“It is clear that serious allegations have been made regarding VA’s purchase authorities and we are working diligently to review them,” McDonald said.
The secretary went on to say that while he appreciates Frye stepping forward with the information, he noted “there are many acquisition paths within VHA” and that most of the sited purchases went to provide needed care for veterans.
A handful of VA officials, led by Edward Murray, the acting assistant secretary for management and the interim financial officer, appeared at the hearing to assuage concerns of lawmakers on both sides of the aisle – with little success.
Much of the controversy centers on the distribution of purchase cards, used by VA officials to obtain items necessary to carry out the agency’s duties. Some of those holding the cards, Frye alleged, were unqualified.
Murray told the panel that VA has “a robust government purchase card program” with 25,515 accounts generating $3.7 billion worth of purchases in 6.1 million transactions as of the end of fiscal year 2014.
“We rely on this program to aide in the expeditious acquisition of supplies and services in support of our veterans,” he said. “For example, purchase cards are used for acquisition of prosthetics and sensory aids that promote health, independence and quality of life for veterans.”
Like other large agencies, Murray said, “we have experienced challenges in implementing the government purchase card program” and regulations have been “to strengthen controls over VA’s purchase card program.”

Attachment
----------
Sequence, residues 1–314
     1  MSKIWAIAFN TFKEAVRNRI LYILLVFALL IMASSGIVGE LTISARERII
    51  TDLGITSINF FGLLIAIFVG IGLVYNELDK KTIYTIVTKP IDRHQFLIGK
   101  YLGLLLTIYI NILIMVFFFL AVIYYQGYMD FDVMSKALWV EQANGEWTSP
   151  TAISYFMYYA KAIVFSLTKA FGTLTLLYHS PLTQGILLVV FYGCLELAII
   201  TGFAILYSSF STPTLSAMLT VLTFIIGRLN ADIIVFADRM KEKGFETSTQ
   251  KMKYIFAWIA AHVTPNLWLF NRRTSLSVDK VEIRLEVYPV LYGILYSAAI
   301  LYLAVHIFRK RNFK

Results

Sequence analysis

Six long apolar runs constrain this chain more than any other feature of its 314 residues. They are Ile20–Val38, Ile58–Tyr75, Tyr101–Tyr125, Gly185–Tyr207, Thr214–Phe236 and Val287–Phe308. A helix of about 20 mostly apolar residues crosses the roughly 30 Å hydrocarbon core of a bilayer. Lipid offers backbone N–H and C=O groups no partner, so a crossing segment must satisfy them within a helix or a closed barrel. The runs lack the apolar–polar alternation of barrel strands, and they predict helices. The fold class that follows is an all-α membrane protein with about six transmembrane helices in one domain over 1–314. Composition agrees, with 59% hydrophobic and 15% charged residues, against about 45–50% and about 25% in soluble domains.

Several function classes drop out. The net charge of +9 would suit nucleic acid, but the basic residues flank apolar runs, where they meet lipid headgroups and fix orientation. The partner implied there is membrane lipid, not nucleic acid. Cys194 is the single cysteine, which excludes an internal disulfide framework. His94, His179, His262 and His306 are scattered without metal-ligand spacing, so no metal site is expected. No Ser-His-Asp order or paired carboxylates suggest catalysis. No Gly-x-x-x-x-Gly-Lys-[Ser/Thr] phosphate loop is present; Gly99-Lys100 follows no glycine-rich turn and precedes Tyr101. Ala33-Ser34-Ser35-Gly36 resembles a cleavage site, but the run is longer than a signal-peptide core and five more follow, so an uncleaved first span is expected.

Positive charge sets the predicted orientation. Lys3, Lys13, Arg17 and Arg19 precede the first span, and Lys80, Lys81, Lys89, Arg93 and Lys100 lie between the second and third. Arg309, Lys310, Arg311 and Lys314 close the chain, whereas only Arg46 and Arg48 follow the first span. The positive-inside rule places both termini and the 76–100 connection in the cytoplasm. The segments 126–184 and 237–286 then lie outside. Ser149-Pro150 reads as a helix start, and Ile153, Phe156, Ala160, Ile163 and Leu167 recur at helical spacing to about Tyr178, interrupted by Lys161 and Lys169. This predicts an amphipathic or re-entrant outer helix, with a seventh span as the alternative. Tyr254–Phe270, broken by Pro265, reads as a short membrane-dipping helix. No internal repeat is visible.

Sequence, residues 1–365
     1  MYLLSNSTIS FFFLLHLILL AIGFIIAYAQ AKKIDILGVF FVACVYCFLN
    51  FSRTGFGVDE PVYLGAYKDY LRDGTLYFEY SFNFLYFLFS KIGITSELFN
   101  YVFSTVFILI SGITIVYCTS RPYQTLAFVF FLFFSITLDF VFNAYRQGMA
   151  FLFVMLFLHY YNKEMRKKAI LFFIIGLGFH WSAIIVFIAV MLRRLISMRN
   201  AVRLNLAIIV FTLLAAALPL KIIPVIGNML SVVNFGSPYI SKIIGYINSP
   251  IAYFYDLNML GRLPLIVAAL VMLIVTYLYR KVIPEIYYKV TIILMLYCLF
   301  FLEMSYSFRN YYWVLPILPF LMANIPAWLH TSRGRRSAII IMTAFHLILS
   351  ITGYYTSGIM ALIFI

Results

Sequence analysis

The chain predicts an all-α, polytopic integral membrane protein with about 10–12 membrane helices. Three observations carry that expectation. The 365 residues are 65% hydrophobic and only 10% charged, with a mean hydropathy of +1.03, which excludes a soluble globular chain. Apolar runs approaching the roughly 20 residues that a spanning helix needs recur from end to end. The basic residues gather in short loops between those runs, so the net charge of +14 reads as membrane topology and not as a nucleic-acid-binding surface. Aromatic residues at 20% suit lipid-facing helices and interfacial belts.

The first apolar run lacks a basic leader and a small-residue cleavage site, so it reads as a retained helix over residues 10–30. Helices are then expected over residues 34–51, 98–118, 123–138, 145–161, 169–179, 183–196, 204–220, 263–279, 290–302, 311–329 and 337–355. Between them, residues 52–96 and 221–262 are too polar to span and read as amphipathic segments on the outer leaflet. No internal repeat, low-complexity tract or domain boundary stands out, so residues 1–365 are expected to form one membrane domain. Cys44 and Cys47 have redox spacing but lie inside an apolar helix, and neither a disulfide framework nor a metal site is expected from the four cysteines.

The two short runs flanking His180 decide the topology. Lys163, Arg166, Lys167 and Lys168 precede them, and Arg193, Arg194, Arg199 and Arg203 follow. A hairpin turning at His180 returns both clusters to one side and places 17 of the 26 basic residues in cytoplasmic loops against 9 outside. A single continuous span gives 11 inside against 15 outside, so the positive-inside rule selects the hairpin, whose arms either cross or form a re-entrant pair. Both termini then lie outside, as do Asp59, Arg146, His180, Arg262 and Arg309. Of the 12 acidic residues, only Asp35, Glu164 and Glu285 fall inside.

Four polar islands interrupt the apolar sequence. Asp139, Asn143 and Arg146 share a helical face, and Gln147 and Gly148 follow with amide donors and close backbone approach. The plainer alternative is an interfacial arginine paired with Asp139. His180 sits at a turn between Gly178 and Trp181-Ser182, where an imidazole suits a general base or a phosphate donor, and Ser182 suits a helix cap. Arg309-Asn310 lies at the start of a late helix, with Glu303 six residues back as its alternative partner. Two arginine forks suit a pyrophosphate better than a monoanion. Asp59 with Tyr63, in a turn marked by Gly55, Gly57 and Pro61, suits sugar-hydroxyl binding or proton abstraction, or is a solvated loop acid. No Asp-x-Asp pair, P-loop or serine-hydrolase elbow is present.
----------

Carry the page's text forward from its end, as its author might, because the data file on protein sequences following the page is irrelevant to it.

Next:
In October 2011, Murray said, VA “took a significant step toward strengthening internal controls” by placing the purchase card program under the agency’s Financial Services Center, thus enabling central oversight and reducing the number of purchase card accounts.
“VA is committed to continuous monitoring and improvement of its government purchase card program and has implemented a number of processes and internal controls to minimize and eliminate fraud, waste and abuse,” he said. “For example, we close or reduce card spending limits due to inactivity, invalid training certificates, lack of valid warrants, or for separated employees. Controls have been implemented with the U.S. Bank to limit the use of the government purchase card for specific types of merchants.”
Transactions, he said, are monitored on a monthly basis.
Subcommittee members were not assured by Murray’s testimony. Rep. Jackie Walorski (R-Ind.) maintained that VA officials should have experienced a “gut check” when Frye’s allegations came to light.
“That we have to stop this, this is wrong,” Walorski said. “It’s illegal activity. Did that never dawn on you, Mr. Murray?”
But Murray ultimately maintained that “there’s some ambiguity” in the purchasing law and some difference of opinion exists regarding whether the Veterans Health Administration violated federal statutes.
Rep. Tim Walz (D-Minn.), reflecting the bipartisan nature of the inquiry, cited a White House report issued in June 2014 describing a “corrosive culture” within the Veterans Affairs health care system.
“I don’t for a second believe there’s an attempt to make that change,” Walz said.